California’s 1,663 trial court judges will soon take home fatter paychecks than the governor’s, thanks largely to salary increases recently given to other state employees.
Superior Court judges will now make $200,042 a year, according to a July 21 memo from the state Department of Human Resources. That’s a 4.4 percent bump from the their previous salaries of $191.612. Gov. Jerry Brown got his own raise last month and now earns $195,803—$4,239 less than the judges he appoints.
State law links judges’ pay increases to those negotiated by state workers’ bargaining groups. This year, the average pay increase for state employees was a little more than 4.2 percent. Judges received that, plus a boost from some 2016 state worker raises and the disposition of a lawsuit that challenged how judges’ past pay was calculated.
It’s not just judges who will see bigger paychecks. Justices on the courts of appeal will now be paid $228,918 annually. Associate justices on the Supreme Court will receive $244,179. Chief Justice Tani Cantil-Sakauye will earn $256,059 a year.
Messages seeking comment from the California Judges Association were referred to the group’s president, Tehama County Superior Court Judge C. Todd Bottke, who was not immediately available.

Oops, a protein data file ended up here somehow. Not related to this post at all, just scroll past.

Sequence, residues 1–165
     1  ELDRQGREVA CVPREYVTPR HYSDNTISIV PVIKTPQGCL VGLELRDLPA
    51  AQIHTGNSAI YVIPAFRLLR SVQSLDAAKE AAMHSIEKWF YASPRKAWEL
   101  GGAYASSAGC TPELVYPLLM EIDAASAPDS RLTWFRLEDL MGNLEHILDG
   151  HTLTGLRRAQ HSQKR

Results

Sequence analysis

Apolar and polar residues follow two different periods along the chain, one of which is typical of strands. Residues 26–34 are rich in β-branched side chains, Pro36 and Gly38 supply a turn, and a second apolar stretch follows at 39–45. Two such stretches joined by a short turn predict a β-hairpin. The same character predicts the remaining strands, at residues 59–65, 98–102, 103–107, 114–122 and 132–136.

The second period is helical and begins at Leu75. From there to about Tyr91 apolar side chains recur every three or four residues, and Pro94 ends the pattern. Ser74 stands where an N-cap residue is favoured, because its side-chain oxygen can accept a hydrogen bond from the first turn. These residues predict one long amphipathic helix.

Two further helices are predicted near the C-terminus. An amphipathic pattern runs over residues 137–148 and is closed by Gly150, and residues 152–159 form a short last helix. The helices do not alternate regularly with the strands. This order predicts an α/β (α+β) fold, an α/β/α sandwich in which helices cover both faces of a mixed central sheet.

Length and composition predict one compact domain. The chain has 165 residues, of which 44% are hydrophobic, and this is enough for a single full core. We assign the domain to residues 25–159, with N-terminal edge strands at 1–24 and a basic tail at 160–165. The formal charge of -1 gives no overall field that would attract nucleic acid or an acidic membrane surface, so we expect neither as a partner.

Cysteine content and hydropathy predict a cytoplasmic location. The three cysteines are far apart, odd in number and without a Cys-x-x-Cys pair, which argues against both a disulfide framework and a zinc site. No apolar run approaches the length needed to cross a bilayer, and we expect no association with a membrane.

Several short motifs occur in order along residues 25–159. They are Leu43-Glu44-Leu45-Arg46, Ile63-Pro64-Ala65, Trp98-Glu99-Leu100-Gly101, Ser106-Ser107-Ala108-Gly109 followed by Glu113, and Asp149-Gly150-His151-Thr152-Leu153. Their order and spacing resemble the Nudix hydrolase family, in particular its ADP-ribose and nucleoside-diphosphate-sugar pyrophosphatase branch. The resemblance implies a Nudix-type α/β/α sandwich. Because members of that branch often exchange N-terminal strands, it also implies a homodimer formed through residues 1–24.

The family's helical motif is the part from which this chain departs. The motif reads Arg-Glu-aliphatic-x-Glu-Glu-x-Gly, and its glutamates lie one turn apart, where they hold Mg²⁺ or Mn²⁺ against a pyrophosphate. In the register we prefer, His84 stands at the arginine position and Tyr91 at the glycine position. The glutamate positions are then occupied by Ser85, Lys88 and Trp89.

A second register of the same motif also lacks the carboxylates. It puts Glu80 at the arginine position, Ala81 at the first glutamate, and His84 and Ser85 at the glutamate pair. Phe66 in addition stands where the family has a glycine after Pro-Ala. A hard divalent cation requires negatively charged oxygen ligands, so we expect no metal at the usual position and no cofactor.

Judges looking to boost their income got a second dose of good fiscal news this month. A new state law clarifies that judges can charge “reasonable” fees for performing marriage ceremonies on the weekends and legal holidays.
Previous advice from the Supreme Court Committee on Judicial Ethics Opinions suggested judges should not accept such fees after Jan. 1, 2017. That guidance was in response to a bill that expanded the categories of people who can officiate weddings. That bill also barred those people from accepting compensation for their services.
The Supreme Court’s ethics committee originally said the new law banning marriage fees also applied to judges. But after legislators moved quickly to clarify judges’ authority to seek payment, the committee changed its opinion.